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The Great Eggcase Hunt was established in 2003 and has been engaging the public in hunting for spent shark, skate and ray eggcases along the UK coastline ever since. Thanks to our supporters, we now have an extensive and ever expanding database of eggcase records, which continues to provide us with crucial information about the distribution of British sharks, skates and rays.
What is an eggcase?
An eggcase, which is also known as a mermaid’s purse, is a tough leathery case that protects the embryo of a shark, skate or ray. Each eggcase contains one embryo which will develop over several months into a miniature version of the adult.
There are over ten species of skate and ray, and only a few species of shark in UK waters that reproduce by laying eggcases on the seabed. Each species’ eggcase is different in shape and size, which allows us to identify them. Eggcases remain safely on the seabed until the juvenile has hatched, and then the empty eggcases often get washed up on beaches and can be found amongst the seaweed in the strandline.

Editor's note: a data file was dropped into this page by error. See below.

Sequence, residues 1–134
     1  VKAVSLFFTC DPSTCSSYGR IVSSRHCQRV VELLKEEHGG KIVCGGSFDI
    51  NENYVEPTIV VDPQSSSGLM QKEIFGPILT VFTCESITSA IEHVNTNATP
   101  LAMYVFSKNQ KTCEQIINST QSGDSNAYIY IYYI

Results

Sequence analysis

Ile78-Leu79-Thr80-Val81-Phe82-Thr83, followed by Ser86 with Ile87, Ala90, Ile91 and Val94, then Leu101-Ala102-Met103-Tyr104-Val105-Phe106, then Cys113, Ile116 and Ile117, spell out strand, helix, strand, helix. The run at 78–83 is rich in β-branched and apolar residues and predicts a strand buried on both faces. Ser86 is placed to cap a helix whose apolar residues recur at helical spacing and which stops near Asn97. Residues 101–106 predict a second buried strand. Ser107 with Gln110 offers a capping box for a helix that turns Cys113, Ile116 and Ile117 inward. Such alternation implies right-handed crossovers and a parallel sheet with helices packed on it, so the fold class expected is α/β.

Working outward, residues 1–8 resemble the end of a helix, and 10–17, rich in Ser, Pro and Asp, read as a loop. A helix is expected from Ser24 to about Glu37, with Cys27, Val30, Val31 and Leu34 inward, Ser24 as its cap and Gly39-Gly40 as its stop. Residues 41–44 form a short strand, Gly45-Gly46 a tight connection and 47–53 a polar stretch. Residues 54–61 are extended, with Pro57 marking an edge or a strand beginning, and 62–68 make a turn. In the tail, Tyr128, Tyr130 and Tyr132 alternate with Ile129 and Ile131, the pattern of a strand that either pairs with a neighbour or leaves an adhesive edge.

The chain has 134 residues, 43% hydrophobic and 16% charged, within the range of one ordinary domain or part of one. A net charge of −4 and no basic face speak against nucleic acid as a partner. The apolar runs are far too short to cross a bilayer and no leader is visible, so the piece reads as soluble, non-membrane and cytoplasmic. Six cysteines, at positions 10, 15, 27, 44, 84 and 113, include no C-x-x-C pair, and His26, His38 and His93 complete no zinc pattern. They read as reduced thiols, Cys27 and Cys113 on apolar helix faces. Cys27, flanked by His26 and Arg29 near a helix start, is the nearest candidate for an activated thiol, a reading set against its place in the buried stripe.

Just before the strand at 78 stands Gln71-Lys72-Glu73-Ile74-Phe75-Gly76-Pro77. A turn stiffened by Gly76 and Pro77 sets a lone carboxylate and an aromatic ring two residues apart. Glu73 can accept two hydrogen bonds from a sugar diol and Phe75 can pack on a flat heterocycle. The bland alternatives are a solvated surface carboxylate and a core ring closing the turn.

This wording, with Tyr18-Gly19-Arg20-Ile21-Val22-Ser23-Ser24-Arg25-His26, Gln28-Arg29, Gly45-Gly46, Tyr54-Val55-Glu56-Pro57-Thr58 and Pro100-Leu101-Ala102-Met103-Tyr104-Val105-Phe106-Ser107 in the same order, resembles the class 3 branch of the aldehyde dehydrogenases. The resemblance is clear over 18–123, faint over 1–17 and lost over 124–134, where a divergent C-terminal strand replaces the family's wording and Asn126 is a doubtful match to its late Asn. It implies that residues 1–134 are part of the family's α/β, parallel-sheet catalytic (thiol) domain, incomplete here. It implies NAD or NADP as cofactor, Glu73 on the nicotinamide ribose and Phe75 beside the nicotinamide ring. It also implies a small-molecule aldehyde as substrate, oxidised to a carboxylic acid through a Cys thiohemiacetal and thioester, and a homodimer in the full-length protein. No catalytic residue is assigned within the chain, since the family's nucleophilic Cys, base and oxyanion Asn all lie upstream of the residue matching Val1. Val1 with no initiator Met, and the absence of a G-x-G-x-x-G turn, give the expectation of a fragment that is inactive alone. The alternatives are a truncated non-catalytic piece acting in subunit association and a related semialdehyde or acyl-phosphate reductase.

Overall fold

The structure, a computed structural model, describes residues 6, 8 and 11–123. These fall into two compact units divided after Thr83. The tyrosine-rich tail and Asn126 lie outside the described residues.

Why report eggcases?
The distribution of different shark, skate and ray species is changing and a number of species are in decline. By taking part in the Great Eggcase Hunt you can help the Shark Trust to identify areas of the coast where eggcases regularly wash up.
Reported findings allow the Trust to identify potential shark, skate and ray nursery grounds, providing valuable data that aids conservation. This process can help with the management of UK sharks, skates and rays, as well as help designate Marine Conservation Zones which should provide protection for some species from particularly damaging human activities.
Your eggcase records are a crucial element of this conservation work and it’s so easy to take part - everything you need for a successful eggcase hunt can be found on the website.
Eggcases can be found on the beach all year round, so whatever the time of year keep your eyes open. The strandline or the back of the beach are the best places to find eggcases, washed up amongst the flotsam and jetsam. For more eggcase hunting tips, click here.
Some beaches are regularly cleaned by local councils and any eggcases will have been removed along with the seaweed, whilst other beaches simply don’t have any eggcases to find. By reporting beaches without eggcases you are still contributing to the project, as this information adds an important dimension to our knowledge of eggcase distribution.
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